Culinary (and spiritual) adventures: India

by Irina Vishnevskaya, Tastemaker in Residence

In between apartments, continents and careers and on a whim followed by another late-night Googling spree I somehow ended up booking a month long trip to Rishikesh, India to spend time meditating and calming my mind at an Ashram. Translations: Rishikesh is a small city in northern India at the foot of the Himalayan Mountains. An Ashram is a spiritual hermitage or monastery; typically Ashrams are places where yoga and meditation as well as philosophy are cultivated.  

Although I feel like I could write a book about my experiences there (and watch out world, someday I just might) for now I’ll just list a few anecdotes from my time there in an effort to add a little spice, zen and peace to your day. That or simply some amusement. 

Open your eyes 

When I first got to the Ashram I was in shock (it might have been the long car ride, the three times we had to change a flat tire, or the jetlag). The Ashram was, like so many things in life, not how I imagined it would be. There was no real shower- just a faucet and two buckets. Everything was old. Really old. The bed was harder than a hardwood floor. Geckos were running along my room’s windows. I was in tears. I wanted to escape. I walked all the way into town (over an hour walk) to find an internet café, call my mom and cry. Sometimes we just don’t grow out of our childhood reflexes. I went to sleep my first night sad; mad that I did another crazy thing without thinking it all the way through. Between jetlag-disturbed dreams, I plotted my escape from India back to the land of warm showers and plush beds. When I woke up the next day in a sleepy fog and stepped out of the room, the beauty of where I was nearly blinded me. Surely this was a different place from where I was the day before. The day before I was so wrapped up in the crazy, frenzied world of my mind that I hadn’t noticed the Himalayan Mountains in the background, the Ganges River right under my nose or the beautiful garden underneath my feet. Yet I was in the same exact place. The sun was shining from the same angle, nothing physical had changed at all. It’s as though I had just cleared the grime from my glasses. It was about time.  

Shut up and eat 

The Ashram I stayed at had a small dining room fit for at most 30 people, and meals were served buffet style. We helped ourselves to as much Indian curry, chapatti flatbread, papaya as we wanted. And we sat and ate at long communal tables. These communal tables had one problem- they held signs that said “Silence Please”. I was appalled when I saw these. I was sure they had been misplaced. Did they really expect me, Irina, the girl who hasn’t stopped talking since she started at 11 months old to not talk during her favorite time of day- mealtime? The way I had been raised, mealtime is the most communal time of the day; in my family the kitchen is the focal point of the home and all major decisions in life are debated around the table during a meal. After instigating a few mini-revolutions by starting full out discussions in the dining room (and getting in trouble for it) I finally forced myself to, for once in my life, follow instructions. And guess what- it’s not that bad. It’s actually great to eat in silence. I mean with your full attention on your meal, not while reading or watching TV or anything. Just sit in silence and eat. You enjoy your meal in such a different way, it’s so much more rewarding, it’s an amazing way of recharging your batteries. And even if you’re sharing the meal with others, the energy that silence produces is really wonderful. Yes, it’s hard to bring into our modern lives, but even now, if I find myself eating dinner alone I try to resist the urge to check the news, read or call a friend. I just sit and eat. Someday I’ll have to introduce this concept to my chatty family and boyfriend. Though I think that’s a larger challenge than what I’m ready for right now.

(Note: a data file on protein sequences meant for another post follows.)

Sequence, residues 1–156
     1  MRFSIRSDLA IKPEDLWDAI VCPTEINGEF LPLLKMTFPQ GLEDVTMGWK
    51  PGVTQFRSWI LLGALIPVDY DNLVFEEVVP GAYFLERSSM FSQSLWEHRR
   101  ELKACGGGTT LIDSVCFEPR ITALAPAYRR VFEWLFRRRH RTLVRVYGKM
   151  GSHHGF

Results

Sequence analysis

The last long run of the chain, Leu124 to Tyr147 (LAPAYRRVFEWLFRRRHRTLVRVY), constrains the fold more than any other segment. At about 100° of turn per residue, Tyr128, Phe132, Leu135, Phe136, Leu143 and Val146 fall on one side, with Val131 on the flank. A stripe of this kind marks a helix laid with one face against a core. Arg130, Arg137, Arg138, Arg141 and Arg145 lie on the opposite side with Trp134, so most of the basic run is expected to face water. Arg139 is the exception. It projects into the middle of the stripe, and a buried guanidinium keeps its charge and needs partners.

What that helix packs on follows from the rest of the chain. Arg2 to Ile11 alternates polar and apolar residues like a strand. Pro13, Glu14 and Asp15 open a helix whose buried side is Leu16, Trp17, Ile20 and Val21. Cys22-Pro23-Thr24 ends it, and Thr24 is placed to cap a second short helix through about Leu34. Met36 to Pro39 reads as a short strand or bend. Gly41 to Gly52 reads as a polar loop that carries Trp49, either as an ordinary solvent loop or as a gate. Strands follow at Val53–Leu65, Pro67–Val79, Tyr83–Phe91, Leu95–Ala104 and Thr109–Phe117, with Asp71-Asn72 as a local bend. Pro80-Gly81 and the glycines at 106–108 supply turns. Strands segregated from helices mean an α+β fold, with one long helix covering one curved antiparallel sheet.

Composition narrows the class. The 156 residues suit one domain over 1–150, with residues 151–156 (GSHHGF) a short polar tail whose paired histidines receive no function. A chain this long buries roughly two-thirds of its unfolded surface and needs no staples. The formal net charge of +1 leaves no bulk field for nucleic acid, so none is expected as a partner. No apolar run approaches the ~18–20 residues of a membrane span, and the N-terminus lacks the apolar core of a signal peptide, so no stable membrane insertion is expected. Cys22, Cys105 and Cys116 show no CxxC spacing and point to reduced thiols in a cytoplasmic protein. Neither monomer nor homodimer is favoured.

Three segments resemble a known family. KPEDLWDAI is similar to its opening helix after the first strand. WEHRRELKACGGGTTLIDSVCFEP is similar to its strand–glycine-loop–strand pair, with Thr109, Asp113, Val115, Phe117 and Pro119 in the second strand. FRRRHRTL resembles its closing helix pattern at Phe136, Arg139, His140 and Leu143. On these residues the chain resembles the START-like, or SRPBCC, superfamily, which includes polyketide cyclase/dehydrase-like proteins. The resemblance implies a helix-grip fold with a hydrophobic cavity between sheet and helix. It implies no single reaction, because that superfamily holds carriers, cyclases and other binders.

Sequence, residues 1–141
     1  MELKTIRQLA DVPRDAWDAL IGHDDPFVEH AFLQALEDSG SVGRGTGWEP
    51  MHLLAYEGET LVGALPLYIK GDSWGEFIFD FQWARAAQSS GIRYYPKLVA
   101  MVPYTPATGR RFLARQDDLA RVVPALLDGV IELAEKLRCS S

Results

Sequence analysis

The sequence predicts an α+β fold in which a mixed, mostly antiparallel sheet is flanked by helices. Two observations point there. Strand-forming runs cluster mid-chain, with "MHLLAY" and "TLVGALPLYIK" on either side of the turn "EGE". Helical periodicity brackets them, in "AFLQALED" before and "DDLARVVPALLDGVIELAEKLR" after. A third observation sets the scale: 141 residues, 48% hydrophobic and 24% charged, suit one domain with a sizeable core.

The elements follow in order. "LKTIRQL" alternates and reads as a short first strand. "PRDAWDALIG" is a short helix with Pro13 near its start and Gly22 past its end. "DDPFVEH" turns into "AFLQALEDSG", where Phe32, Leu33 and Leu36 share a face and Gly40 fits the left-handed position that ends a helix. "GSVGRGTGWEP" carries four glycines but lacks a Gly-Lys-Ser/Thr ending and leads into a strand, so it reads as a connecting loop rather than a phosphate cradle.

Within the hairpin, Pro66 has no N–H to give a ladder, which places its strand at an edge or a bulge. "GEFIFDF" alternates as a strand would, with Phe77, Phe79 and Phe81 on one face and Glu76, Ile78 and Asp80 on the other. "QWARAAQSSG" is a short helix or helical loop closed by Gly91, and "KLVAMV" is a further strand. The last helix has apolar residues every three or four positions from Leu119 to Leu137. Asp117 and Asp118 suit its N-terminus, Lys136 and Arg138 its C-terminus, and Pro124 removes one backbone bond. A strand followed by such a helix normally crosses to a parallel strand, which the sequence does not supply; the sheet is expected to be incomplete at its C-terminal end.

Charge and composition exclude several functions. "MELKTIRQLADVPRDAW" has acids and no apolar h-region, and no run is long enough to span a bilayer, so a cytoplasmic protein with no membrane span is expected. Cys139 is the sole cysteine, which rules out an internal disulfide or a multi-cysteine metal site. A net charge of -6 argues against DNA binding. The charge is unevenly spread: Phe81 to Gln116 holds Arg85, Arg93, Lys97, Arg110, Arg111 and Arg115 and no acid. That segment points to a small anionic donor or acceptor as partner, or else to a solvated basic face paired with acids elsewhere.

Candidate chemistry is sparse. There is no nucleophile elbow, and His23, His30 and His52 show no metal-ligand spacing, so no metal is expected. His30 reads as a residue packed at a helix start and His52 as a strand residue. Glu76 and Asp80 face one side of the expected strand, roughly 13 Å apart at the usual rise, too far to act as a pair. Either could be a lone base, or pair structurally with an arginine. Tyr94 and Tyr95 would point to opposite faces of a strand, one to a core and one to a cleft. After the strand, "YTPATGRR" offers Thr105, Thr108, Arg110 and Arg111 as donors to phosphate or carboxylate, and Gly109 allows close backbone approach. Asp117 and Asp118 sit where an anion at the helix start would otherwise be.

Monkeys like toast too 

One morning, a monkey waltzed into the dining room- calm and relaxed, as if he/ she actually belonged there, took one look at the plate I had foraged myself for breakfast, reached up, grabbed a hold of my bread toasted to perfection and walked out. I was dumbfounded. I’ve never seen a monkey that close before outside of the zoo, let alone been a victim of its theft. It was a gentle reminder to share, that nothing is actually “mine” and to laugh. Bon appétit to you, my dear monkey friend. 

Khichuri is the ultimate comfort food 

It might be hard to fill the shoes of your home-made grilled cheese sandwich, but Khichuri comes pretty darn close.  And it has one major benefit over grilled cheese- it’s actually good for you. Khichuri (pronounced: kit-che-riii), is a staple comfort food made in much of northern India and Pakistan. It is a rather simple combination of rice and dal, oil and a variety of spices. We ate it at the Ashram nearly every other night for dinner with Papadum (thin, round freshly made cracker). 

To make it at home: add spices like cumin seeds, mustard seeds, curry, garlic paste, chopped tomato and onion to a few tablespoons of your favorite oil.  Mix the ingredients in the bottom of a pot over medium heat then add rice, mung beans or dal (lentils). Add turmeric, red chili powder, garam masala and salt to taste. Pour a couple of cups of water over it and cook. It takes all of a few minutes to make and is incredibly warming, especially for these winter months most of us are stuck with. I also like to substitute rice with millet, quinoa or bulgur for added nutritional value. 

Namaste (hello/goodbye in Sanskrit) and a good day to you and yours. May you clean your glasses, shut up for just a bit, put down your cell phone and share your toast.